A discount for lack of control may be applied in establishing estate and gift tax values of FLLC interests. This discount reflects the inability of a member to control the operations of the FLLC or to invest its assets in a manner that is of greatest benefit to the member. Because management and investment decisions (including the decision as to when to distribute limited liability company income) are outside the control and influence of the members, the value of a member’s interest is reduced to reflect such lack of control.
Typical discounts for lack of control (minority interest) generally range between twenty percent (20%) and thirty percent (30%). This discount is sometimes referred to as a minority interest discount.
An underlying purpose of the family limited liability company is to maintain ownership of assets for the benefit of members of one or more selected families. Thus, the transfer of limited liability company interests to persons outside the family unit is disfavored and, in extreme cases, may even be prohibited by the limited liability company operating agreement. Furthermore, private limited liability company interests generally lack access to a readily available exchange for trading. For this reason it is said that a limited liability company interest lacks marketability and is not easily convertible into cash or cash equivalents.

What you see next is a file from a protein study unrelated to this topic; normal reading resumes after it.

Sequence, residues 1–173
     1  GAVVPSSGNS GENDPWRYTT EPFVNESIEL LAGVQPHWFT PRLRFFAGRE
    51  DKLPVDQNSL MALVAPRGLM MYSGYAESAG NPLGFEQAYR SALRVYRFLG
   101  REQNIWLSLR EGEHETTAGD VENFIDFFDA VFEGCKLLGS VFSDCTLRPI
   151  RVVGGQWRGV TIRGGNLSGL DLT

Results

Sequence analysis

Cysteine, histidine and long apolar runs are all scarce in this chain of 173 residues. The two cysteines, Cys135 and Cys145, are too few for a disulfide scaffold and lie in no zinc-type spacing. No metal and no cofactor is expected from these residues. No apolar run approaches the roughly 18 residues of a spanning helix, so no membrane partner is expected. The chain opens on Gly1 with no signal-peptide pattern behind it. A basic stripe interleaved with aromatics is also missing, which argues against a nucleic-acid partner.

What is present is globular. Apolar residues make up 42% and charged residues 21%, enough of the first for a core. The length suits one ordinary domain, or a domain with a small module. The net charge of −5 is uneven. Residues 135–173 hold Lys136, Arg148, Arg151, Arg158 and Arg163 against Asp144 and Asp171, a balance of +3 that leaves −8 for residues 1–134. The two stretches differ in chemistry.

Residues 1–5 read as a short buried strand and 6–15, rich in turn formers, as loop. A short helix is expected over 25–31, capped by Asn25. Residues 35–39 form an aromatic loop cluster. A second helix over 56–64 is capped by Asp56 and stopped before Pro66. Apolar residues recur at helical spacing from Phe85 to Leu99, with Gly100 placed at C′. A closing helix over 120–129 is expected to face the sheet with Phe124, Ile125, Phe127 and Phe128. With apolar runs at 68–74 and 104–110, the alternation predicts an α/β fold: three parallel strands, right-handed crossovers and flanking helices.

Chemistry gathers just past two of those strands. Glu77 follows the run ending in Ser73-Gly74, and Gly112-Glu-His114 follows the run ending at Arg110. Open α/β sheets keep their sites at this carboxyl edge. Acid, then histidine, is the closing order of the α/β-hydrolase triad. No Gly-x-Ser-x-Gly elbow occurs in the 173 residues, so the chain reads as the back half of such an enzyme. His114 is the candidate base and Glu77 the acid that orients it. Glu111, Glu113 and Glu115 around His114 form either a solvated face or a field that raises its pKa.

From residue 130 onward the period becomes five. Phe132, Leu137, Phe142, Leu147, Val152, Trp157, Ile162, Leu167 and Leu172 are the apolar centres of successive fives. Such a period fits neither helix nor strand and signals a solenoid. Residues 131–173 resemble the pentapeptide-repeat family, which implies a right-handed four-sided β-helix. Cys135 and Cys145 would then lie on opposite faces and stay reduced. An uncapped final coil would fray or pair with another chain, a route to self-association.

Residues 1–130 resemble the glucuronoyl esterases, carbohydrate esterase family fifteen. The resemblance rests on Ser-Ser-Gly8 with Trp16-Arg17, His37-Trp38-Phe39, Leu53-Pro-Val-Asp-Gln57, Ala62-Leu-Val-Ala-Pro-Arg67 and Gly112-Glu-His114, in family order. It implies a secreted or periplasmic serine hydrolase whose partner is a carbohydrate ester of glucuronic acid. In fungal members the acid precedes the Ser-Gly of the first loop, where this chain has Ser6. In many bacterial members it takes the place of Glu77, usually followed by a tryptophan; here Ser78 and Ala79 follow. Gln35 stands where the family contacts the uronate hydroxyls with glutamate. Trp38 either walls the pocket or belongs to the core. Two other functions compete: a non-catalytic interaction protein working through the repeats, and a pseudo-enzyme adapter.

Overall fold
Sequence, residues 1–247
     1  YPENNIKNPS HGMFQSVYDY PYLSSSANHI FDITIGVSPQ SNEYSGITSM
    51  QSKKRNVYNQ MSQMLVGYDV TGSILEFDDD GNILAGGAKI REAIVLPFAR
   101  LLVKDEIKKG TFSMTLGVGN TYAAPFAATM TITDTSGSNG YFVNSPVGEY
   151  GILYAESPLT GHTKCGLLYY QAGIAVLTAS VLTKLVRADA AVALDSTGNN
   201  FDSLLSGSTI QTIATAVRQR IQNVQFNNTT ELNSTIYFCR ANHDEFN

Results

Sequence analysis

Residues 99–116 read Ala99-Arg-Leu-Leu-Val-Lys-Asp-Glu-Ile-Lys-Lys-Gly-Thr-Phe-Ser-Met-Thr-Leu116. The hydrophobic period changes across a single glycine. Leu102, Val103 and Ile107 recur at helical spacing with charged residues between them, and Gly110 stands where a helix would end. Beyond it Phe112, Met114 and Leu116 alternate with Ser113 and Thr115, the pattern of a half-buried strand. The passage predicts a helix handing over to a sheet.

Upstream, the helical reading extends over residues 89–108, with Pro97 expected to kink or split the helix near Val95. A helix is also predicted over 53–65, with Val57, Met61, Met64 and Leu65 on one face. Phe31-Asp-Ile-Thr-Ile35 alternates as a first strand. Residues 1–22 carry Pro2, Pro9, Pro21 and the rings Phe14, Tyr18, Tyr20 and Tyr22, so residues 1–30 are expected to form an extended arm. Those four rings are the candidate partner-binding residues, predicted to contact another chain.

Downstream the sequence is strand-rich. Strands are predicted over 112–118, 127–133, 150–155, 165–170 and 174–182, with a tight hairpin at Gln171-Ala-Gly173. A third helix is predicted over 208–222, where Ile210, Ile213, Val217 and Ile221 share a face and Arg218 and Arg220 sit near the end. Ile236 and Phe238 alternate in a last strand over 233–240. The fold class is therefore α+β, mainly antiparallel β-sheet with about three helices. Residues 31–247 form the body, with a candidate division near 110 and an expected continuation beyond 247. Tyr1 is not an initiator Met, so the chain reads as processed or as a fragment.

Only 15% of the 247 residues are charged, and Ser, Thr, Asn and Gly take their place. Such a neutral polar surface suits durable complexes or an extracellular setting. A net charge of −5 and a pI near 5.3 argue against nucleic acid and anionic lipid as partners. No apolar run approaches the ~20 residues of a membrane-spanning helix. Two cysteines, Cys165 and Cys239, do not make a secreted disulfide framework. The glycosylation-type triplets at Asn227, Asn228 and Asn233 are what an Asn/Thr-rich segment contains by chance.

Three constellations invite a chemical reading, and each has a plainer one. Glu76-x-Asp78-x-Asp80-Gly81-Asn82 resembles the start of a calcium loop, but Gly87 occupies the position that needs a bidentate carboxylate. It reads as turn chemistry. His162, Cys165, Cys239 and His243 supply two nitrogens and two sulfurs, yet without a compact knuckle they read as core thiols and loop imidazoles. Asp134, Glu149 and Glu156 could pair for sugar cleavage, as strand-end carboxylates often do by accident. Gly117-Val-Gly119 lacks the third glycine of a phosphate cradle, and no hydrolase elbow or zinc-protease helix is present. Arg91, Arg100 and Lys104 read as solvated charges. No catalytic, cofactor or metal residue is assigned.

This circumstance has resulted in further discounts in the range of 20% to 40%.